3D printers may be able to allow women with fertility problems to complete a pregnancy. Tuesday, May 16, the journal Nature Communications publishes the results of the work of a team of Northwestern University researchers, based in Chicago, the United States, which has successfully implanted ovarian designed with a 3D printer To a sterilized mouse. The latter gave birth to healthy mice, reports The Verge .
A hope for many women?
These “printed” ovaries included ovarian follicles (an aggregate of sac-like cells in which the oocyte develops) in which immature oocytes were found, explains the American site. These new ovaries allowed the mouse to ovulate, conceive and finally give birth, he continues, saying that “the key to success lies in the material used for 3D printing.”
“It must be an organic material, so that the body does not reject it, but it must not be too fragile, otherwise [the ovaries] would destroy during the transplantation,” says The Verge, indicating that the Researchers used a kind of gelatin made from several layers of collagen.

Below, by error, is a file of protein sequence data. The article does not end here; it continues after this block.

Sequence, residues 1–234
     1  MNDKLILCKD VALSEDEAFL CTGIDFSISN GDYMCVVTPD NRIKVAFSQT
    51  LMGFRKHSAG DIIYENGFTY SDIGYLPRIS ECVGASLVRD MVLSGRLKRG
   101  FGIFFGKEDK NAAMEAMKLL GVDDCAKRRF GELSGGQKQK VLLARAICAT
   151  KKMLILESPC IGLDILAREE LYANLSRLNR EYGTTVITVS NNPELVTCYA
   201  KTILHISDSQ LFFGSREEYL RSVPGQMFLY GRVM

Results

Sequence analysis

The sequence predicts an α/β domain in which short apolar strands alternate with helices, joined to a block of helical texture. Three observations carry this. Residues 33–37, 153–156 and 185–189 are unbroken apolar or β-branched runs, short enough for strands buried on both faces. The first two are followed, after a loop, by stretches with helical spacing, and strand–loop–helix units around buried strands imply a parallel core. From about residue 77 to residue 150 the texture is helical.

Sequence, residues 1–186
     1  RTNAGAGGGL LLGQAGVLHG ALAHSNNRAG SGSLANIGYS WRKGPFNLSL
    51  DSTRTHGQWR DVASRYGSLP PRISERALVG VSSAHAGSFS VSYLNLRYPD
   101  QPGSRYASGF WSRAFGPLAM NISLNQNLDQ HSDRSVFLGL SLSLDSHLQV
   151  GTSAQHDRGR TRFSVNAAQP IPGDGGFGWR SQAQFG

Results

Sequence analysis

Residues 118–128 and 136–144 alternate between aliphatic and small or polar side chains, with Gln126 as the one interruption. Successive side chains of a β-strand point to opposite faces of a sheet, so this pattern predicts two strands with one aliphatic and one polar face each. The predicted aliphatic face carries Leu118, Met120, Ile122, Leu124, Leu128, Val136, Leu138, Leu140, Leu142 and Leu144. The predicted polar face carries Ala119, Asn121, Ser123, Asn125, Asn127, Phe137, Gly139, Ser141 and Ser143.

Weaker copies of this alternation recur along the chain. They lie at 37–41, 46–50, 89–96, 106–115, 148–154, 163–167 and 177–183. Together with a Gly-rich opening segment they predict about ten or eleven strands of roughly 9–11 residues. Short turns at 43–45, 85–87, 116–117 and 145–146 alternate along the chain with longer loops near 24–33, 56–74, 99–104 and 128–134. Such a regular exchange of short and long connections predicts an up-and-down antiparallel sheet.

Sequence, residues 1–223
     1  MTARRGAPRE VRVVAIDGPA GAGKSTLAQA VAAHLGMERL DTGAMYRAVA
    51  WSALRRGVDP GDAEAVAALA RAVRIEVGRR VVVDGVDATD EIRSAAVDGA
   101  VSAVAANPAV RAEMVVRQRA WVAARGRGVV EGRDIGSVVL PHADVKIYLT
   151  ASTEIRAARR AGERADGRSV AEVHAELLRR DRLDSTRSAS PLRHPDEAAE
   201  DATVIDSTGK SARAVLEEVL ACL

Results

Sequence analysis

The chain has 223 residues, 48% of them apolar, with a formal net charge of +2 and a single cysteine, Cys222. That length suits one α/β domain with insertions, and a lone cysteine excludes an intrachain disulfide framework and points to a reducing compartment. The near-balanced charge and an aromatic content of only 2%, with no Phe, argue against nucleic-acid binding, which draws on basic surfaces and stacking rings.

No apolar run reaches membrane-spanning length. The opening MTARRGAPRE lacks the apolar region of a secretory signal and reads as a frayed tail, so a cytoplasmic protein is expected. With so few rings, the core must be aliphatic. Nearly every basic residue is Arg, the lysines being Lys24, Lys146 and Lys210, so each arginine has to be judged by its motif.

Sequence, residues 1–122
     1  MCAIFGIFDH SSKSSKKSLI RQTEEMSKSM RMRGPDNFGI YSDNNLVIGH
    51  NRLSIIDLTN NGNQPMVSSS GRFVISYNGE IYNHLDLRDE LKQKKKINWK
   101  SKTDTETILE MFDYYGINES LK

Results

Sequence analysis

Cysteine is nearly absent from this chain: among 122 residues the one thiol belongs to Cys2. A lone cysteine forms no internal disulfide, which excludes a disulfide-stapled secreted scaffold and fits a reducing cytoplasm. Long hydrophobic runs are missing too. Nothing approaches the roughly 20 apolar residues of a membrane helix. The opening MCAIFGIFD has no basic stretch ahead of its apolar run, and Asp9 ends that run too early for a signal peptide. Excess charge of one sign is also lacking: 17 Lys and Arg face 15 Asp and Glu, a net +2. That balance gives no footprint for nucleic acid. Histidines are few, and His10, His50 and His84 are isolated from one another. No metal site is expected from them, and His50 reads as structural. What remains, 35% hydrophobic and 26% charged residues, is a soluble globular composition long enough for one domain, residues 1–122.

This prowess gives hope to sterile women, but it is still impossible to envisage in the short term an application of this process on humans, explains The Verge. “Human ovarian follicles are much bigger than mice and they grow so fast that implanted ovaries should be replaced [during pregnancy],” the site continues. “Transplantation could also be problematic , ” US researchers said for whom this work does, however, allow progress in regenerative medicine that can address women’s infertility problems in the future.
Benjamin Diaz started working for Debate Report in 2017. Ben grew up in a small town in northern Ontario. He studied chemistry in college, graduated, and married his wife a year later. Benhas been a proud Torontonian for the past 10 years. He covers politics and the economy. Previously he wrote for CTV News and the Huffington Post Canada.